Columbian to Close US Carbon Black Plant
Due to softer demand for carbon black in North America, Columbian Chemicals announced on November 12 that it will close its production facilities in Marshall, West Virginia, on or around January 31, 2009. Approximately 55 jobs will be lost as a result of the closure.
“Continued overcapacity coupled with an uncertain business outlook has forced Columbian to re-evaluate its assets in North America,” said Kevin Boyle, president and CEO of Columbian Chemicals Company. “We are optimising our resources during this difficult economic period while at the same time maintaining our focus on our customers. Our remaining plants in North America are well positioned to continue to provide the same high level of service and quality Columbian’s customers have come to expect from our Marshall facility.
“Our team in Marshall has worked hard over the last several years to keep the plant operating in a very competitive environment as we have seen demand shift away from North America,” added Boyle. “The decision to close the plant was difficult due to the impact on our employees, their families and the community.”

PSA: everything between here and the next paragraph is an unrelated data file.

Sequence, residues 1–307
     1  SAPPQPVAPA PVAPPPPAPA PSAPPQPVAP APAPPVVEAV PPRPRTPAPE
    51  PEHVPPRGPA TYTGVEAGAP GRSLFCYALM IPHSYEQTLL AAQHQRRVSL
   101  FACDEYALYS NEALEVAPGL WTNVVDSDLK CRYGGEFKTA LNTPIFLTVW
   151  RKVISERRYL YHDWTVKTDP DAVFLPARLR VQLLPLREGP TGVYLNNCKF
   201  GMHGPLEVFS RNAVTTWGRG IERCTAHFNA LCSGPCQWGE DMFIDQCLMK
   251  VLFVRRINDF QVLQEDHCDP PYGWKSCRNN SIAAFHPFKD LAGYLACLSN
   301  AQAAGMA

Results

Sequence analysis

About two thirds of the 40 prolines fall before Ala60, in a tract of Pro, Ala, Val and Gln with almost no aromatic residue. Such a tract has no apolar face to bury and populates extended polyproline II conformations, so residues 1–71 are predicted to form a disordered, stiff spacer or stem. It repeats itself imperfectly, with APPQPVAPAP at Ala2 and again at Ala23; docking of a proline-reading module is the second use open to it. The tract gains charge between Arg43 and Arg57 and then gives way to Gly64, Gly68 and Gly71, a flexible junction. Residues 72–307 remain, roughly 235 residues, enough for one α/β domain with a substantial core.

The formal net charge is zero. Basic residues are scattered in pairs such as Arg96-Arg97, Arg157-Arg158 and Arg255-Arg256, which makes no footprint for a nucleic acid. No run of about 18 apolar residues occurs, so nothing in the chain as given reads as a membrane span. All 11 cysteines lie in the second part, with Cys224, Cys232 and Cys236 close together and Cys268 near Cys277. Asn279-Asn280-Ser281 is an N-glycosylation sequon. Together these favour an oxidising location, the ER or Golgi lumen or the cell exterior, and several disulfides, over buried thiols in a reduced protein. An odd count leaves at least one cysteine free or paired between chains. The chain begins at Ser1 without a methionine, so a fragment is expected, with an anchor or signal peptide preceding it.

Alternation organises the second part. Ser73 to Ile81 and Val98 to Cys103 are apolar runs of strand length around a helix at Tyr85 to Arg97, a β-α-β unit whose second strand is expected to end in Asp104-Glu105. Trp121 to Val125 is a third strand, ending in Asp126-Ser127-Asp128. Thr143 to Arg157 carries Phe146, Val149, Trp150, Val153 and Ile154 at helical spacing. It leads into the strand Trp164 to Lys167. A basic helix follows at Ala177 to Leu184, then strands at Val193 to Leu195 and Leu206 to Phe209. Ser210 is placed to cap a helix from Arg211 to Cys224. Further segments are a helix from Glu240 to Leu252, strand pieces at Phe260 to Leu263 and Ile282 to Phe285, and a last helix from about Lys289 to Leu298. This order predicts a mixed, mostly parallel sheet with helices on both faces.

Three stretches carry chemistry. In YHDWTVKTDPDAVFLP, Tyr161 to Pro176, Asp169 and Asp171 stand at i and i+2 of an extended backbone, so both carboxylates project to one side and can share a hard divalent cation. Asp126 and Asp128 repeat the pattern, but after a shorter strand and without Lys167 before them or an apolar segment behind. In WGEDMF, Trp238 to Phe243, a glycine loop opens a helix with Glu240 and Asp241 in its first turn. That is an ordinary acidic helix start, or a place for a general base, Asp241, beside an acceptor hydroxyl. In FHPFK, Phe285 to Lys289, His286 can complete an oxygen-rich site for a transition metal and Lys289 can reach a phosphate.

While the closure of this production facility removes about 50,000 tonnes of annual capacity, Columbian says it is committed to maintain market share and to minimise disruption to its customers.
“We are very focused on aligning our assets with the demand of our customers, which is continuously moving more to the developing economies of the world,” Boyle said. “This step in North America along with our recent and ongoing expansions in Brazil, Central Europe, and China is critical to this strategic initiative.”
Columbian reports that it will continue to closely monitor the evolving global demand outlook for carbon black. “We will take every step necessary to ensure that Columbian Chemicals Company remains a successful leader in the global carbon black market and a valued supplier to our customers,” concluded the company president and CEO.